National report — The medical spa industry's rapid expansion has created an environment in which patrons don't always know what they're getting — and many providers don't know what they're getting into.
"A lot of doctors don't realize that as soon as you use the word spa, your facility and staff may now be under the jurisdiction of your state's board of cosmetology, licensing professions or whatever it's called in that state," says Susanne S. Warfield, president and CEO of PCI Publishing. She has authored and published many books, including Legal & Liability Issues of a Medical Spa and The Guide to Building a Medical Esthetic Practice, and is the executive director of the National Coalition of Estheticians, Manufacturers/Distributors & Associations (NCEA).
"That's what's causing the biggest problem right now," she says. "People are putting out shingles and calling themselves medical spas, but they have no concept of what a spa is, let alone what a medical spa is."
The NCEA, the largest coalition serving the skincare industry, defines a medical spa, in part, as "a facility that operates under the full-time, on-site supervision of a licensed healthcare professional." A key element of the NCEA's definition is that practitioners working within a medical spa are governed by their appropriate licensing board, if licensure is required. However, Ms. Warfield says, "in some of these medical spas, they are just letting a medical assistant perform all sorts of invasive procedures, without any type of medical supervision."
Physicians and industry insiders believe that without medspa regulation, the reputation of many safe and effective procedures may get tarnished by ill-trained providers. ( Photos: David H. McDaniel, M.D.)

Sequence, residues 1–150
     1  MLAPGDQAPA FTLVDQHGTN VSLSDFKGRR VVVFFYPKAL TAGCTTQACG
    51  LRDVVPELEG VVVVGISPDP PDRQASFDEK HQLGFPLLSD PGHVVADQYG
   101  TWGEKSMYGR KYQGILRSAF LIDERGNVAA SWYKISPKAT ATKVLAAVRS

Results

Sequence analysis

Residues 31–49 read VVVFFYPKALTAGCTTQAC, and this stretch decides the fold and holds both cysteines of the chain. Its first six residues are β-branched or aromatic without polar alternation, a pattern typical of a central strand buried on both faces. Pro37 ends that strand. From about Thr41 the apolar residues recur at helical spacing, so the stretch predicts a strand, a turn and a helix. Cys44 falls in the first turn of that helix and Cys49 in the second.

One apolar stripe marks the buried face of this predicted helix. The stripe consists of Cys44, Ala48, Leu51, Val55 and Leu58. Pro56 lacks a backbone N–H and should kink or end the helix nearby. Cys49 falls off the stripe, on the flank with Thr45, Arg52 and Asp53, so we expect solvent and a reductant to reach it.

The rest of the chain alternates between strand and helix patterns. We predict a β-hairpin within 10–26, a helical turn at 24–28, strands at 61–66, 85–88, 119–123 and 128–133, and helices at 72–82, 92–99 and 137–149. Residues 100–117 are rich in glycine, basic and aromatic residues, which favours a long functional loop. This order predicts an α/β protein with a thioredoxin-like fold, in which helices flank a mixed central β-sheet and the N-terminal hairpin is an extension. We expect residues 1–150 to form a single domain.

This situation creates "tremendous issues regarding patient safety, and the issue of appropriate care and oversight of that care," says Roy G. Geronemus, M.D., president of the American Society for Laser Medicine and Surgery (ASLMS). "A growing number of patients are being injured by inappropriate and ineffective care being provided by nonphysicians without medical supervision. There is an alarming number of people with long-term, if not permanent, problems as a consequence of treatments for benign or cosmetic conditions."
According to a survey taken by 342 American Society for Dermatologic Surgery (ASDS) members, nearly 41 percent of respondents reported an increase in patient complications resulting from the nonphysician practice of medicine (in spas and elsewhere) treated between 2001 and 2002. The percentage of physicians reporting complications from laser hair removal posted the biggest jump (approximately six percentage points).
Dr. Geronemus says, "It seems as though, in many ways, the bar has been lowered in terms of who is providing these procedures and services."
States' regulations vary widely in this regard. In New Jersey, only physicians can perform laser or light-source-based procedures. In Connecticut, a physician must be on site during these procedures, though he or she can delegate them.